This study has now ended. Thank you so much to all of you who took part!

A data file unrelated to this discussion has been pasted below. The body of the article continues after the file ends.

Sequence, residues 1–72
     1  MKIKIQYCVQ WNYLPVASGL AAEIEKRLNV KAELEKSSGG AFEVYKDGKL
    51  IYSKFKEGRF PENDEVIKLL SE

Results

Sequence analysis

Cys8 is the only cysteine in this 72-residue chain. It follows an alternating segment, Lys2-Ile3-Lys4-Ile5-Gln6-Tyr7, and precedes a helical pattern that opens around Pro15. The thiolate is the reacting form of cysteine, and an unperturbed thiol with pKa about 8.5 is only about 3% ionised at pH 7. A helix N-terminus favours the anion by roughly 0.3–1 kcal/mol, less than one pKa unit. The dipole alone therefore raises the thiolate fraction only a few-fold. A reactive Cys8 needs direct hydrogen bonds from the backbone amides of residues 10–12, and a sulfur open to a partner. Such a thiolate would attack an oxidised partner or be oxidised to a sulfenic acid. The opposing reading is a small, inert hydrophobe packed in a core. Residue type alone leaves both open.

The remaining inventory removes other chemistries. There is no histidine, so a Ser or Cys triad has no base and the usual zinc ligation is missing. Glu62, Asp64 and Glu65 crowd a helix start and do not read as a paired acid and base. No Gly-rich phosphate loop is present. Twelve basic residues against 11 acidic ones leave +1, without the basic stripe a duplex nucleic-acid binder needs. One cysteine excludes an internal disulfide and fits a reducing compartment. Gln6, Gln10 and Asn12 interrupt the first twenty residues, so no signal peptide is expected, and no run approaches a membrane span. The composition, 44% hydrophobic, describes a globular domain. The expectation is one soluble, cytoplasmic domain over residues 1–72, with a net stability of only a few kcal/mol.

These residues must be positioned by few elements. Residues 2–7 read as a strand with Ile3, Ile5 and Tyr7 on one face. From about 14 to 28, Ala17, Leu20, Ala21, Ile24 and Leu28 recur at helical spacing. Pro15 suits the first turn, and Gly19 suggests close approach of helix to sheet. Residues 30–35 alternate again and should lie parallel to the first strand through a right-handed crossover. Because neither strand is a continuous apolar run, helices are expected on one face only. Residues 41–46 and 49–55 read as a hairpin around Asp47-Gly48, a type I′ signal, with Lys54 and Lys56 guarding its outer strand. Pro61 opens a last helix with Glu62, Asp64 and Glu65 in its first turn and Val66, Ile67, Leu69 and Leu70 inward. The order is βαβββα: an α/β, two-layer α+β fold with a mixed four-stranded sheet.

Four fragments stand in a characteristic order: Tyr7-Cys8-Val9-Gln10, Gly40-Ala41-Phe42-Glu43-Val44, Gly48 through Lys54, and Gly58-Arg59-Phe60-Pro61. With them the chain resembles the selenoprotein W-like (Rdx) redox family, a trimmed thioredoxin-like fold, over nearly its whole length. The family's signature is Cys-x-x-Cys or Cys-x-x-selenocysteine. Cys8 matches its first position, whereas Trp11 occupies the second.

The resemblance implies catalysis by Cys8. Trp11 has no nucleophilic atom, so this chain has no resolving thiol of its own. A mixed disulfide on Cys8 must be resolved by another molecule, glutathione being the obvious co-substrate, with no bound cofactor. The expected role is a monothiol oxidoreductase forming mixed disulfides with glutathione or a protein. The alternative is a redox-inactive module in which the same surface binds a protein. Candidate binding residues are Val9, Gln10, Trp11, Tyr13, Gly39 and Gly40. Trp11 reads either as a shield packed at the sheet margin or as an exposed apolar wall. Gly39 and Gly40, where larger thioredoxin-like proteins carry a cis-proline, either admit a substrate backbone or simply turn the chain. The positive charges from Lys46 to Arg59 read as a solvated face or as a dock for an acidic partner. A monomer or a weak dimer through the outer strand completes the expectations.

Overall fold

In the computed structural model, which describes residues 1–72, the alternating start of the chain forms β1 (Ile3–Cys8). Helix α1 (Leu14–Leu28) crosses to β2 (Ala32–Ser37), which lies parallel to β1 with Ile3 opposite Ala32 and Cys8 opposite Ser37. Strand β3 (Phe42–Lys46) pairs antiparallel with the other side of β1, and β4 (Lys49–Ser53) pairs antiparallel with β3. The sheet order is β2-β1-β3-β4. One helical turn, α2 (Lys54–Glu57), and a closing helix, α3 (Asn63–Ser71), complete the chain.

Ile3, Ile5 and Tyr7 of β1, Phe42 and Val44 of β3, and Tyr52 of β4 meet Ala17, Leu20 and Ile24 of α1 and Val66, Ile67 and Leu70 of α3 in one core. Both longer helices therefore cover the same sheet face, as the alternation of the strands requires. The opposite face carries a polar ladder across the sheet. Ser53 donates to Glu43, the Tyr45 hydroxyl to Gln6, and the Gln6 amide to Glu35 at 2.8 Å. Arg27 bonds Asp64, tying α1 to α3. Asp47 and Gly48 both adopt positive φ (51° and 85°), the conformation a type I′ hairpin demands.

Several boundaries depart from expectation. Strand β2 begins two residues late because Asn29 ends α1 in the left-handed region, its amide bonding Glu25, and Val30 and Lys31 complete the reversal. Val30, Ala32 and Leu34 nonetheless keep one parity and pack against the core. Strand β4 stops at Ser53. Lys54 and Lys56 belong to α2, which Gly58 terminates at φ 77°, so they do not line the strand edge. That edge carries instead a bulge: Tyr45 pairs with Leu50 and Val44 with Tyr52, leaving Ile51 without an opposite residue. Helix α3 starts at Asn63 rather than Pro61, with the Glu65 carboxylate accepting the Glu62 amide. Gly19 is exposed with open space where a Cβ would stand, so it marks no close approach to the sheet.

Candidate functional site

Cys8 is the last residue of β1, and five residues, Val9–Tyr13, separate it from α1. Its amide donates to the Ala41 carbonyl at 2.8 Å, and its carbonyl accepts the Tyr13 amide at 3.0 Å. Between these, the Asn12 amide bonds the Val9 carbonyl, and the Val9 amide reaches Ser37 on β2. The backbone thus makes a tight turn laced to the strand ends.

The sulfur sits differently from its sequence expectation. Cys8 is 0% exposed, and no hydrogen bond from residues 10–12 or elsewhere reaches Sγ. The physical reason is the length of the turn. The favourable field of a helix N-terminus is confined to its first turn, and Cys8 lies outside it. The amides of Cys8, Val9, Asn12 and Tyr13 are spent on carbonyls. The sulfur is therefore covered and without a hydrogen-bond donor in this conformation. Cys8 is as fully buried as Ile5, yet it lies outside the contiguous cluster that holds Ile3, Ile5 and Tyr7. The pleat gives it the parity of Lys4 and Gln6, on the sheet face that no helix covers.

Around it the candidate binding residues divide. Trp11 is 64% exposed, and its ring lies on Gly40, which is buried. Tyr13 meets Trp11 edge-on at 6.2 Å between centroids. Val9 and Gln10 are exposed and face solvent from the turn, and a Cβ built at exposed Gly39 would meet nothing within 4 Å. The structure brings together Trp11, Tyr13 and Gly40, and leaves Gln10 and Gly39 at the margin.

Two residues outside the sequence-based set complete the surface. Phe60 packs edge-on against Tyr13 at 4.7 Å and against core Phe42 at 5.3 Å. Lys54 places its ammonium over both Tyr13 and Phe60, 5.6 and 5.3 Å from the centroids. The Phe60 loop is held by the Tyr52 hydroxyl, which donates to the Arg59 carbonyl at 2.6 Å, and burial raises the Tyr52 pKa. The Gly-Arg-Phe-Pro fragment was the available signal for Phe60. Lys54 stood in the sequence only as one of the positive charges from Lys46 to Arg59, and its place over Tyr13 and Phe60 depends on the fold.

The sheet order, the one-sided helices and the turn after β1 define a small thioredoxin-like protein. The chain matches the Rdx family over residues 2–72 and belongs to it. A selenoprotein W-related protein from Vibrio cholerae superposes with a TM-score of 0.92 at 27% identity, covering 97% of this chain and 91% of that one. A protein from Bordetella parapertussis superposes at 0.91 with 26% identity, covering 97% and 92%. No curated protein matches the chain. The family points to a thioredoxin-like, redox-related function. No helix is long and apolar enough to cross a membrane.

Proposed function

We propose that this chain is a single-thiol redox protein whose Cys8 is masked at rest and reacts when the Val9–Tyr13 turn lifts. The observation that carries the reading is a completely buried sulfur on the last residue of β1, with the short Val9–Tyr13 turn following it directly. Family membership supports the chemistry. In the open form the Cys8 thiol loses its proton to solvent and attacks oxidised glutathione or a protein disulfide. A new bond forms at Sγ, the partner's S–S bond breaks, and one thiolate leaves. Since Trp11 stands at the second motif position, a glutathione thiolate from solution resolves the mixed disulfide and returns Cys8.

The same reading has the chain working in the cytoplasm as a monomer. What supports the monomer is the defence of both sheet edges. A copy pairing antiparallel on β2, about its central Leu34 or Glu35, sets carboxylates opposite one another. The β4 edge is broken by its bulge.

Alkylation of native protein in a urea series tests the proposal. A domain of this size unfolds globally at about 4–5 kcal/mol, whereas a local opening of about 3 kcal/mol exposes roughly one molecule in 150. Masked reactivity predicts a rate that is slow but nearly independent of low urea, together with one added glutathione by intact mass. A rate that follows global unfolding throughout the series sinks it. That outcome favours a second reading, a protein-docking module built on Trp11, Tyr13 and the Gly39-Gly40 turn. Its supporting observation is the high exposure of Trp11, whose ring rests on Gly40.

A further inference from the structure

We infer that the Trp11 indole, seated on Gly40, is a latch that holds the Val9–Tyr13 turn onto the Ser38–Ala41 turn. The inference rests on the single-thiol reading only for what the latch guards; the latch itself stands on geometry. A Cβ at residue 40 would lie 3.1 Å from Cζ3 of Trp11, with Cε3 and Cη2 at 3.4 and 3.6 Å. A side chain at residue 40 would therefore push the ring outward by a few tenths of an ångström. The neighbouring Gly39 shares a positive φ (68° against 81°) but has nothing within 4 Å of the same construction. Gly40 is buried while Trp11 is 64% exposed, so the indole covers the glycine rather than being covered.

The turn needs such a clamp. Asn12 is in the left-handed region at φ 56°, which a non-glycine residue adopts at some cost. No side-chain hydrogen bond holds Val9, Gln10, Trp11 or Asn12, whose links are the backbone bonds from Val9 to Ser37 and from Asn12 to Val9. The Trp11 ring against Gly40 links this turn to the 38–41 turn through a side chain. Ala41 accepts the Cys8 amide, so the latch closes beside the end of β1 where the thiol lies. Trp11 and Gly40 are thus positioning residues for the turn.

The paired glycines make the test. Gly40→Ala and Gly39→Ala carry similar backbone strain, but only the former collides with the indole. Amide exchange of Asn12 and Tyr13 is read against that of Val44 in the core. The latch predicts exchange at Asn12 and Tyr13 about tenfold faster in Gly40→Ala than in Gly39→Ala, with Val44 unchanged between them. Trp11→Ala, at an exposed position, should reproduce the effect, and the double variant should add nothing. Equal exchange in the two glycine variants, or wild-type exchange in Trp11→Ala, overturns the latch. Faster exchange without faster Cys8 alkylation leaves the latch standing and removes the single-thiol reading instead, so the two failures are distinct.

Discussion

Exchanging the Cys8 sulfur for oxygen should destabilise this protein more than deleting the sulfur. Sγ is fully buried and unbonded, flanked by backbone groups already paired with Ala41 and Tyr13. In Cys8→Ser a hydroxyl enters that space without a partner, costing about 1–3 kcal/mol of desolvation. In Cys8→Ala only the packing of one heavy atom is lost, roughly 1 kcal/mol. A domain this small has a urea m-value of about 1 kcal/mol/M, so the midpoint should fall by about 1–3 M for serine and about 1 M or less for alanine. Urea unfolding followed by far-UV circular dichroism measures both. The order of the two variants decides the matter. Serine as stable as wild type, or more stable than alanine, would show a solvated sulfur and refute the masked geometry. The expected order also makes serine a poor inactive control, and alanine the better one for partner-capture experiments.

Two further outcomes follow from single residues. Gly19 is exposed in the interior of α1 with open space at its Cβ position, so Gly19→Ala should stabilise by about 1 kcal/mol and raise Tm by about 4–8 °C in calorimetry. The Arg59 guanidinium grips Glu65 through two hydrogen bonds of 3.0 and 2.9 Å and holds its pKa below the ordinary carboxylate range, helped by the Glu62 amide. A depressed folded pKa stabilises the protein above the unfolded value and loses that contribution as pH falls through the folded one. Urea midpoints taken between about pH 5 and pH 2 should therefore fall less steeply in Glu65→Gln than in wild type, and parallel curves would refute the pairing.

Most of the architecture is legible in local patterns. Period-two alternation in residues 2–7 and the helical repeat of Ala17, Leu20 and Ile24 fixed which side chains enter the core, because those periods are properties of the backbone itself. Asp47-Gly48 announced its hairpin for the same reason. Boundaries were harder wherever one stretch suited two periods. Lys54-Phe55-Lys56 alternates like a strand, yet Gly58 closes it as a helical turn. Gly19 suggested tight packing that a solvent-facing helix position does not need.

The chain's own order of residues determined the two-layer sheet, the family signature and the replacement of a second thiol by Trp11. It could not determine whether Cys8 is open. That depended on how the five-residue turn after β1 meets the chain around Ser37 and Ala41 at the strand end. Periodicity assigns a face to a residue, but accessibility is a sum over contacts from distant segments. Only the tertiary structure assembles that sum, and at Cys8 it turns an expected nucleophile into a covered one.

Sally Jennings used a technique called electroencephalography (EEG) to investigate how the brain activity of adults with Down’s syndrome changes with age. EEG records activity in the outer part of the brain, called the cortex, through small disks called electrodes. People with Down’s Syndrome age prematurely and are at very high risk of Alzheimer’s disease, so Sally used this non-invasive technique to explore changes associated with premature aging and cognitive decline. The ultimate goal is to find early markers of Alzheimer’s disease so that therapies, when they are developed, can be administered at the best time. Thanks to your help Sally recruited 40 people with Down’s syndrome and 39 age- and gender-matched controls into her study. Sally was also interested in whether people’s brain activity can predict their future performance on memory games and puzzles.